Jul 142011

The topic of grade inflation always interested me, since there are so many variables to consider. The New York Times Economix blog has a short piece on a recent study. From reading the article and the insightful comments as well, it raises many points I have considered before, but raises several new ones. The important issues to consider when looking at something like grade distribution data can be broken down to a few categories. Evaluation Metrics First and foremost when looking at statistical evidence that an event exists is to see whether what they’re measuring even makes sense. In this case, the primary metric–the distribution of grades–is very well documented and indisputable. We are getting significantly more A’s than ever [more . . .]

Oct 292010

The last four days has been a frentic coding frenzy–coding for 12 or more hours a day on an assignment for Stanford’s CS448B: Data Visualization course. The final product is the Iraq War Incidents Browser. Screenshot is below (click to enlarge). Application and (pretty messy) source code, and a much more detailed description on my CS448B page. Taking the entire data set of the recent Wikileaks leak of Iraq War Incident logs, the application can filter by date and region, and display histograms satisfying each filter. I am willing to call this version 0.5, since the bulk of the interesting data is in the text itself. For the eventual version 1.0, I will be adding the ability to view individual [more . . .]

May 132009

I am now in the midst of hiring the next class of Stanford CS106 section leaders for the fall quarter. Section leaders (SLs) here at Stanford are typically undergraduates (and occasionally graduate students) who teach a small section of a larger lecture class. These classes often also have a head TA who will help coordinate the high-level academic aspects of the class. CS106 is Stanford’s introductory computer science sequence, and includes CS106A, CS106B, CS106X, and CS106L. The enrollment is so high that we now maintain an active pool of around 60-80 SLs who will teach every quarter. The entire teaching program even gets its own course designation: CS198. You can read more about the semi-complex structure of the teaching program [more . . .]

May 042009

I have always been against teachers’ unions. If you do form a teachers’ union, it should be formed around the mission of education rather than blindly protecting jobs. This article makes me sick. Teaching jobs and pay should be merit based. Public school districts and their teachers have always bemoaned the fact that that lacks equality and oversight and is difficult to assign merit accurately, but please, just suck it up. The best teachers will almost always be recognized, and rewarded under a merit-based system. True, some teachers, good and bad, will slip through the system, but that system sounds much better than the current system in many districts where bad teachers stay for years, and good teachers lose interest [more . . .]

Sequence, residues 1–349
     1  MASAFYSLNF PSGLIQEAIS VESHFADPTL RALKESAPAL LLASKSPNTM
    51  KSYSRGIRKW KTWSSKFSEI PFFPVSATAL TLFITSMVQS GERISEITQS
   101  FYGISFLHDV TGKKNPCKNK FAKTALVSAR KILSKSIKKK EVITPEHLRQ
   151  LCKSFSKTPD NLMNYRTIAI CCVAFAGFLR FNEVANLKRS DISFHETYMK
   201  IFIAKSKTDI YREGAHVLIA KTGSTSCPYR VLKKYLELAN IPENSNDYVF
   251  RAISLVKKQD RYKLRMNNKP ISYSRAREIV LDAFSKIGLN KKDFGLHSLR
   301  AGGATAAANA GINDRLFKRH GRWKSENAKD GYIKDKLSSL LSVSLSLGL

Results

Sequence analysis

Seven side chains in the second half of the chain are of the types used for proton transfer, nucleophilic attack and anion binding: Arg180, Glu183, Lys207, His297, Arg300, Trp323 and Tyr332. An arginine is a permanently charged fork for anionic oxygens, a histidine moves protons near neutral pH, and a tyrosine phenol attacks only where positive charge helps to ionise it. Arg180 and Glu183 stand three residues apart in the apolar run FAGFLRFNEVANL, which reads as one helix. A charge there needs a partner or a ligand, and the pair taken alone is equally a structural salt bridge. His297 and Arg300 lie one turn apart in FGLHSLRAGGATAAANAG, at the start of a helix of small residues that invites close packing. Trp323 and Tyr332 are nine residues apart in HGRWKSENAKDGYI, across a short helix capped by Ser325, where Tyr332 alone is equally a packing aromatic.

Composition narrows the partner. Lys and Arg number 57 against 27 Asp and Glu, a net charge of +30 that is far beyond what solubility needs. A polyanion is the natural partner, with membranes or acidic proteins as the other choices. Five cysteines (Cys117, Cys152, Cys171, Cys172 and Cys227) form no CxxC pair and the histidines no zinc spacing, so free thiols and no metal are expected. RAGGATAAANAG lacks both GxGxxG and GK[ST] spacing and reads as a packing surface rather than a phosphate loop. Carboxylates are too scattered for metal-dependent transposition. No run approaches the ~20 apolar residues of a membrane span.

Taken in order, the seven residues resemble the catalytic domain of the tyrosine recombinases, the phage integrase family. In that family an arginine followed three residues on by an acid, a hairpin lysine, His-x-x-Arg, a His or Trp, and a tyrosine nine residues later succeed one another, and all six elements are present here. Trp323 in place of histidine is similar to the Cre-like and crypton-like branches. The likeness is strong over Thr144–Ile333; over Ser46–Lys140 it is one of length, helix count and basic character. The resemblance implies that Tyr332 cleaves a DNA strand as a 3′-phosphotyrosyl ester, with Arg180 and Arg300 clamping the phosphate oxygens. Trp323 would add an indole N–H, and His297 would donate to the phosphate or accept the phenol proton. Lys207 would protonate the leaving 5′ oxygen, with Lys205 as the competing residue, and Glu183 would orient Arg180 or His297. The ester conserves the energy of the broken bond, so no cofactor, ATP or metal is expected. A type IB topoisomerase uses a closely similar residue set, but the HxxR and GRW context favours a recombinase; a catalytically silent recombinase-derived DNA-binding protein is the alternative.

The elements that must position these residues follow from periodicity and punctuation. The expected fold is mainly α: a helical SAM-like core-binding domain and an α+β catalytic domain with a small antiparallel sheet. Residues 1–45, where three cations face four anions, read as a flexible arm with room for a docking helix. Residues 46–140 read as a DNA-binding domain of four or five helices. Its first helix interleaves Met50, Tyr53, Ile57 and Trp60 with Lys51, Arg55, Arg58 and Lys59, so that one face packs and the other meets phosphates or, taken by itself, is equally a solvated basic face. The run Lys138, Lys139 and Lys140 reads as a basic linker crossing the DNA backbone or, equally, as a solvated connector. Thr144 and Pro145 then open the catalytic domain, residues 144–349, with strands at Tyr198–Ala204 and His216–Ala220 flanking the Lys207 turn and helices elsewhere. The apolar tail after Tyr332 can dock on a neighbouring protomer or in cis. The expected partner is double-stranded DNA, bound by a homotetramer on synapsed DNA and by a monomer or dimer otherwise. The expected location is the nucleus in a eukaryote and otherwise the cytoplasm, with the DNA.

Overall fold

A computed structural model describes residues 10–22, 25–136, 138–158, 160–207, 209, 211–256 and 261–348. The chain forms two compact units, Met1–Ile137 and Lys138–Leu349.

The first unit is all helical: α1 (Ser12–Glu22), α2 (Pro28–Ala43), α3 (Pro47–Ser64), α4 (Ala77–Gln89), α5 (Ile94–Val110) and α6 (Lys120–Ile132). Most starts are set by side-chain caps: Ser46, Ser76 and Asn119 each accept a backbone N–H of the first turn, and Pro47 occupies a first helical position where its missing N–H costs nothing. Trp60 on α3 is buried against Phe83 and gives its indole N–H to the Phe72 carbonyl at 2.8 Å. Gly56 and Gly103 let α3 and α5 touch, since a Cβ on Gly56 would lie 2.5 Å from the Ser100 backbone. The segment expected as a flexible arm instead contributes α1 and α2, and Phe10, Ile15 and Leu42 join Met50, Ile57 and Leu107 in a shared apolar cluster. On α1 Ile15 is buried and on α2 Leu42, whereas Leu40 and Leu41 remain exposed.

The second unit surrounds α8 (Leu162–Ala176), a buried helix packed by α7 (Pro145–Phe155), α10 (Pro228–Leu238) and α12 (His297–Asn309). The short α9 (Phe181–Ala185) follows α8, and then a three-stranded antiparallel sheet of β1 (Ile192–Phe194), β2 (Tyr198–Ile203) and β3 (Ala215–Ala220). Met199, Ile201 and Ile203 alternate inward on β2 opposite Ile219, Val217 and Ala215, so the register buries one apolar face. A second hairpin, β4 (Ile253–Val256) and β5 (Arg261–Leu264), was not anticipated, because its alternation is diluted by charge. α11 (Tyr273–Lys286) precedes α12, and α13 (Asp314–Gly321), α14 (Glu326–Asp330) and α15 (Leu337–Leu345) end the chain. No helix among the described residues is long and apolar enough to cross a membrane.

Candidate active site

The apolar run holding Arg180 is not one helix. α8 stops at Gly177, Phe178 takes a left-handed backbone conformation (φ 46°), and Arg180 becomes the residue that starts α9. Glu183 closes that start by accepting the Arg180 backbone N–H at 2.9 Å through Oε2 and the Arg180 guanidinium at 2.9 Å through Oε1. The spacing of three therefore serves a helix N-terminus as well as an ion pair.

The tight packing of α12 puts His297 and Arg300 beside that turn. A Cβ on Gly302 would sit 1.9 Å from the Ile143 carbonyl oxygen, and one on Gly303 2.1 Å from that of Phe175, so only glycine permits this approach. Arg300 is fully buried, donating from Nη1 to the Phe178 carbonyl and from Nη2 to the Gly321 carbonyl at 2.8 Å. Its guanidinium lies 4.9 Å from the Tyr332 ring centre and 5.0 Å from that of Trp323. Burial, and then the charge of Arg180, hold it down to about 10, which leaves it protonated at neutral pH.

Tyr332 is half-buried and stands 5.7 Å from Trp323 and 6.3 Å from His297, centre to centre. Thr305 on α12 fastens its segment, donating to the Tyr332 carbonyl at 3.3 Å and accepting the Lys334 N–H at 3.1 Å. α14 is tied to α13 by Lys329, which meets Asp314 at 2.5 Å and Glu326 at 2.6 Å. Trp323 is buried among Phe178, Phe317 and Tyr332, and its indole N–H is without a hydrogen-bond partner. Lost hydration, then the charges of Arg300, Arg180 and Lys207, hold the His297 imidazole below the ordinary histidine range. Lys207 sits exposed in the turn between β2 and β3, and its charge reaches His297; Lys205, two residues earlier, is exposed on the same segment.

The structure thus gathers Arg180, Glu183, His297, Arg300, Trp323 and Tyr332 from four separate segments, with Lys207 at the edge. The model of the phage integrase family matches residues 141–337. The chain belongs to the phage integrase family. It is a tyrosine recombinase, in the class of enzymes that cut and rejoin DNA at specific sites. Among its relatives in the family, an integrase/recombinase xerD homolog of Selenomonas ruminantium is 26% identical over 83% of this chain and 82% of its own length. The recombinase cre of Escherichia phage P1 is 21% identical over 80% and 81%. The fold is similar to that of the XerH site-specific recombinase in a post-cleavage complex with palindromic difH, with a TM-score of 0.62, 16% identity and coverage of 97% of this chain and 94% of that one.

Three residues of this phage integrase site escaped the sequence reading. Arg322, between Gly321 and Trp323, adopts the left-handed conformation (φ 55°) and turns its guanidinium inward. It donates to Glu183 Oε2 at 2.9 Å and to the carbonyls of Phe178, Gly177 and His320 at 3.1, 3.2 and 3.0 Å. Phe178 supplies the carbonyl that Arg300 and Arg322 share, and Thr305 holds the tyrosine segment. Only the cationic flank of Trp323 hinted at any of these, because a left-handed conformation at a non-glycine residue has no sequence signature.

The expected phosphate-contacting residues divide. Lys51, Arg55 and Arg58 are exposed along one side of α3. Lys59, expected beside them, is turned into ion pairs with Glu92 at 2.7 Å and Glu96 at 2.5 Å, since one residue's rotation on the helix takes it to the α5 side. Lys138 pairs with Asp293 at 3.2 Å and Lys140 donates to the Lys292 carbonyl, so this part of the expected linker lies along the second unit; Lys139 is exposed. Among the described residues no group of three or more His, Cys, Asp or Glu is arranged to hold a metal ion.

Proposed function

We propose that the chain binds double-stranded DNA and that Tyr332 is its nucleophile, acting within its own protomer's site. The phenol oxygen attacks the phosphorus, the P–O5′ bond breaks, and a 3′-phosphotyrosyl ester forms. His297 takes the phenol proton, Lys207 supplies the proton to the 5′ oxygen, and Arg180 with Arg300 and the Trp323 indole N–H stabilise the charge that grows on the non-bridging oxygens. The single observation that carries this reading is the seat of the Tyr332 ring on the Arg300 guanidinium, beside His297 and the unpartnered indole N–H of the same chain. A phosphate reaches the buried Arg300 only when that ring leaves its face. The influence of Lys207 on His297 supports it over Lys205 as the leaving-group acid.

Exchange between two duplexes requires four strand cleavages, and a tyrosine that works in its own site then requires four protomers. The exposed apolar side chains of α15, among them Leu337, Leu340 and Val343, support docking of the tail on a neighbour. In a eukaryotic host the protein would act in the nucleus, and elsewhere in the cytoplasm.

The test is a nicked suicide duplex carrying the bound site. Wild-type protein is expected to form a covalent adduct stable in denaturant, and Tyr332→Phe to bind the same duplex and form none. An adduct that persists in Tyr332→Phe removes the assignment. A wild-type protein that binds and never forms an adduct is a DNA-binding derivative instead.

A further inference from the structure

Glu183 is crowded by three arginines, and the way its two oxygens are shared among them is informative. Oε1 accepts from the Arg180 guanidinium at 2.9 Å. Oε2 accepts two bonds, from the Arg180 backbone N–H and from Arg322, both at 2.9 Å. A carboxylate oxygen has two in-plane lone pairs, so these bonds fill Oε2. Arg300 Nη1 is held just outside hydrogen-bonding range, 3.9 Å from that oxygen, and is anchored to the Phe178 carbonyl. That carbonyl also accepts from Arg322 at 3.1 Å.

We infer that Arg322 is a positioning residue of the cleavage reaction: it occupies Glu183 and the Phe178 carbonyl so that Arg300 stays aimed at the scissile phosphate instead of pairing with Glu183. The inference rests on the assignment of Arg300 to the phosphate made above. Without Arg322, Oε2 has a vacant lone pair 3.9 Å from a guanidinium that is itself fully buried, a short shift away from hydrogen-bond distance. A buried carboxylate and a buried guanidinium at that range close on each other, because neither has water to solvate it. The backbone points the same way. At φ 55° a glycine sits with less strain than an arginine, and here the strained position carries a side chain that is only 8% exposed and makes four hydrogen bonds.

Feb 042009

Ashley Baker, who I know from tutoring at East Palo Alto Charter School (EPACS), and who now teaches there as a humanities teacher, referred me to this video: Absolutely amazing. I think I even recognize some of those kids, not to mention E-40, Keak da Sneak, and some other big names in Bay Area rap. This whole thing was put together by Kontac, that rapper wearing yellow stripes near the kids and the turntable near the end. He’s a bay area rapper, and also an incredibly dedicated physical education teacher at EPACS. And here is a pretty powerful interview with Kontac. You HAVE to watch this: If you stop by EPACS any time, just look to the playground, and you’ll [more . . .]

Dec 282008

I’d like to fancy myself as one who holds his own opinions about things. That’s why I get queasy come time for end-of-the-year top-N lists. On one end, I feel like I’m allowing myself to be quasi-brainwashed by other people, but on the other end, some of these toplists are so amazing. Fortunately, there are the lists of the “top” photographs–beau tiful and powerful and beyond ranking. Once you view them, whether or not something should be in the top ten seems so inane. Here are some of my favorite collections and selections: Boston.com: The Year 2008 in Photographs — One of the most amazing collections of photographs I have ever seen. TIME Pictures of the Year 2008 — With an [more . . .]

Nov 162008

The following is a hilarious segment of one of former Secretary of Defense William Perry’s lectures in my Stanford MS&E 293 class on national security: “The Washington Post responded to the announcement by running an article observing that I was soft-spoken and humble, and questioning whether those were the right personality traits for the job of Secretary of Defense. They were simply reflecting the well-known fact that those in Washington that traveled the high road of humility are never bothered by heavy traffic. As a result of the Post article, my confirmation hearing was a surreal experience. Senator Byrd, instead of asking me questions about my views on defense issues, took off on the Washington Post article. He observed that [more . . .]